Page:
Allegory and Evolution

I recently listened to a pastor I respect talk about old-earth creationism. He made a statement to the effect that if you believe that Genesis should be interpreted allegorically, you shouldn’t even call yourself a Christian. It may come as a shock, but I pretty much agree with him on this.

You see, if Adam and Eve were allegorical, then their sin was also allegorical. And if Adam’s fall is allegorical, how can Christ’s redemption be anything but allegorical? This interpretation necessarily denies the reality of original sin and reduces Christianity, at best, to Pelagianism, a view that clearly contradicts the teaching of scripture (John 6:44, Rom. 5:19, Eph. 2:3) and that has been denounced as heresy by multiple church councils. Orthodox Christianity requires a literal Adam and a literal fall.

Now let’s take a look at evolutionary creationism, also known as theistic evolution. According to this model, God directed the process of evolution by which simple organisms eventually developed into humans. (BioLogos is an organization that promotes this view.) According to evolutionary theory, it is populations that evolve, not individuals. As a result, if humans evolved by natural selection, it is not possible that there could have been a single first human or pair of humans (Adam and Eve).

Now it can be argued that Adam and Eve were not the first humans but that, instead, God took these two individuals from among the population of modern humans and breathed into them the breath of spiritual life, instilling into them the image of God. According to this view, the fall remains a literal event. I think that this may be the only position regarding Adam and Eve that an evolutionary creationist can take without falling into total heresy. Although I do not consider this view heretical, I will still argue that it is wrong.

Genesis 2:7 says, “the Lord God formed a man from the dust of the ground.” There are other verses in the Bible that speak of God forming people. In Psalm 139:13, for instance, David says, “You knit me together in my mother’s womb.” However, I think there is a big difference between God forming a person in his mother’s womb and God forming a person from the dust of the ground. It seems to me that Genesis 2:7 indicates a special act of creation not involving birth from a mother. If Adam were taken from an existing human population, then God did not form him from the dust of the ground.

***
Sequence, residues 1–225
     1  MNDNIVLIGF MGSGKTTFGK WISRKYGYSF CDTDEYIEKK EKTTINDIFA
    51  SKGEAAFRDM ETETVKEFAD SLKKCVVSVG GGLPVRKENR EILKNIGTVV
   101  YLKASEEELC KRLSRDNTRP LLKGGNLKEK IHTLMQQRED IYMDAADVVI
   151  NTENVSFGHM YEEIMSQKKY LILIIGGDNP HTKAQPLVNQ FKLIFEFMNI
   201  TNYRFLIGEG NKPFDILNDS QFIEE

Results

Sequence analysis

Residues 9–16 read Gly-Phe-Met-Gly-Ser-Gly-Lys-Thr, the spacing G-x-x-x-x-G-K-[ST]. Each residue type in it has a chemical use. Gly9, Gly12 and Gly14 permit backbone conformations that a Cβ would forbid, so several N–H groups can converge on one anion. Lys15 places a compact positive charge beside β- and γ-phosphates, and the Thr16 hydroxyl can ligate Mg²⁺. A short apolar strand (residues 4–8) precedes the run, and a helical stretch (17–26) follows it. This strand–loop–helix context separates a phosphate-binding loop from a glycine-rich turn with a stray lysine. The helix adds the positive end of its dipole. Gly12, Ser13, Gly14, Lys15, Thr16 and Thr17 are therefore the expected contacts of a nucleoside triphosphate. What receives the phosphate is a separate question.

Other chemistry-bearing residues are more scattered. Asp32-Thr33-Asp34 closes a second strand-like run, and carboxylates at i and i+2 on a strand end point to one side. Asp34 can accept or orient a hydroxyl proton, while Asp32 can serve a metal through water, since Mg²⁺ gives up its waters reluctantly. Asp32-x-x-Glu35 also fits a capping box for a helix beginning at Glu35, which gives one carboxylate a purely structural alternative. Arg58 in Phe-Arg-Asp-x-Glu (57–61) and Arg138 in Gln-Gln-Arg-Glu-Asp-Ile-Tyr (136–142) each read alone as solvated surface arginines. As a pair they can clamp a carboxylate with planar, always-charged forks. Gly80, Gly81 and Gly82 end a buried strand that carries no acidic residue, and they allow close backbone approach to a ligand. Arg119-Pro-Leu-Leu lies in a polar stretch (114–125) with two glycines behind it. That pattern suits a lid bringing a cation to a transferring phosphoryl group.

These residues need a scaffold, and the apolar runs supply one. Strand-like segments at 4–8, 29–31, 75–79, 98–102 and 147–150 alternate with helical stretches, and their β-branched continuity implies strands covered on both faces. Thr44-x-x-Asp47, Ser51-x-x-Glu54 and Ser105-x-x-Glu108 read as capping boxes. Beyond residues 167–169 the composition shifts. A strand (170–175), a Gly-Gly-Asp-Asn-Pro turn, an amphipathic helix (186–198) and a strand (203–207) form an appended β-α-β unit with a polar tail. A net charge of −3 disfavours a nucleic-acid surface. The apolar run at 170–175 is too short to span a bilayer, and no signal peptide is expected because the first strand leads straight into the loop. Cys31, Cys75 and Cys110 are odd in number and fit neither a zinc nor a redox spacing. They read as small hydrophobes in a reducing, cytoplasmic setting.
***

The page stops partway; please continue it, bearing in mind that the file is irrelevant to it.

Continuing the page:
This is why I do not think that the theory of evolution by natural selection (at least concerning the origin of man) is compatible with biblical Christianity. Eventually, I will explain why I do not think biological and paleontological evidence demands an evolutionary interpretation. However, that will have to wait for another time.

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The Appearance of Age

I often hear people claim that God created the world with the appearance of age. In a sense, I don’t have a problem with this. In another sense, however, I have a very big problem with it.

God created tigers on the sixth day of creation. I’m thinking he probably didn’t create only baby tigers that would have been dependent on their nonexistent mothers for nourishment. I’m thinking that instead he made tigers as adults. Similarly, I don’t think Adam and Eve were created as babies. I think God made them full-grown. I don’t have a problem with this idea.

What I would have a big problem with would be the notion that God may have created Adam with a scar on his left forearm. A scar is an indication of a historical event. If God made Adam with a scar, he would have been creating a record of an event that never actually took place. Because God does not lie, I cannot believe that he would do this. When talking about the appearance of age, we must be careful to make the distinction between God creating something in a mature state and God creating a false historical record.

volcano erupting

It is easy when confronted with evidence that indicates an old earth to simply claim that the earth was created that way. For example, some may say that God made Antarctica with many of the annual layers of ice already in place. However, some of these layers contain volcanic ash. God creating a layer of ice with trapped volcanic ash would mean God creating a false historical record. (Yes, I know of the other interpretations of these layers, and I will address that at another time.)

The phrase “appearance of age” is something that I have frequently heard. However, we must be very careful with this phrase. If we mean that God created something in a mature state, that is consistent with the character of God. But if we mean that God has created a record of events that did not take place, then we are calling God a liar. Anyone who uses this phrase or who suggests that the earth may have been created with certain characteristics should carefully evaluate the implications of this statement.